And I’m not sure the goal should be measuring individual performance because teams, we really care about is your team. But I do think AI potentially has the ability to help with metrics and make better, more nuanced metrics on team performance. That’s probably more traditional AI, not generative AI, although, well, the thing I’ve been interested in is there’s a lot of unstructured data and the development process. It’s like your stories and your code. I mean, you can analyze the code with generative AI. All those things you could potentially bring into the metrics process and get a better idea of the actual complexity of a story or even identify what was blocking this story or this story or this story and some of the what was going on behind the scenes to get a better sense of what was going on.

Shane Hastie: A lot of our audience are relatively new leaders, engineers promoted into a team leader position. There’s a fair number of our target audience. You’ve got 25 years of doing this stuff. In general, what advice would you give them?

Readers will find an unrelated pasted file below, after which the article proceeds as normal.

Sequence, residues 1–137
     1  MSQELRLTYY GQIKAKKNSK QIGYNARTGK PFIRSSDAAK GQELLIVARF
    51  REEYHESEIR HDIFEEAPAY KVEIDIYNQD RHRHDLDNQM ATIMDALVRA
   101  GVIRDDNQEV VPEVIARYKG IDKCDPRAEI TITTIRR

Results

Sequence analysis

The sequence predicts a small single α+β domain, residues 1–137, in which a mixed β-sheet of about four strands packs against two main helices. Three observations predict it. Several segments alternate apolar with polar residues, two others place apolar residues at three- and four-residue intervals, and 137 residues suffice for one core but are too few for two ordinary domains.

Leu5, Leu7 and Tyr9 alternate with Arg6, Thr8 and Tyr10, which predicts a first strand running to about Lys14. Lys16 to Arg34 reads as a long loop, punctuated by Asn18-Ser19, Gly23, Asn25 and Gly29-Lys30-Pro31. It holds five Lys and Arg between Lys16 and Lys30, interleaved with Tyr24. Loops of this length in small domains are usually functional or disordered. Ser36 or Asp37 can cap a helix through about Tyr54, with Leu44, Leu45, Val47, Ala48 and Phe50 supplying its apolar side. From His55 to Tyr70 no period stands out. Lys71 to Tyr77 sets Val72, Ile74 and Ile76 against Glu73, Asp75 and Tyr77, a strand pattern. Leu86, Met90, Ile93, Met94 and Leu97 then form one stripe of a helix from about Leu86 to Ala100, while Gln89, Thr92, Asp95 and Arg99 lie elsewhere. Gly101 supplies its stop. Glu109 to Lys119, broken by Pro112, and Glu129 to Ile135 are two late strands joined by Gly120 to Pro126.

Advice for new leaders [17:01]

Alex Cruikshank: I think the first thing is you need to look at all your team members as contributors in one way or another. But they’re not all necessarily the biggest contributors in terms of code, so that doesn’t mean they’re not big contributors to the team. And so you need to watch out for that because some people just make teams better, and sometimes they do that in addition to cranking out LI code and sometimes they don’t. But that’s making the team perform better. So Yes, you just always look out for the team dynamics and basically how people are getting along to make sure that that is optimal. And then you can start worrying about how is the team performing overall and is there some issue there that’s keeping it from achieving its goals.

Shane Hastie: Well, Alex, lots of good points and interesting observations there. If people want to continue the conversation, where do they find you?

Alex Cruikshank: Best place is on LinkedIn. It’s acruikshank on LinkedIn. Work at West Monroe. That’s probably it these days. I’m pretty much off of social media.

Shane Hastie: Thank you so much for taking the time to talk to us.

Alex Cruikshank: Yes, Shane, it’s been great talking to you.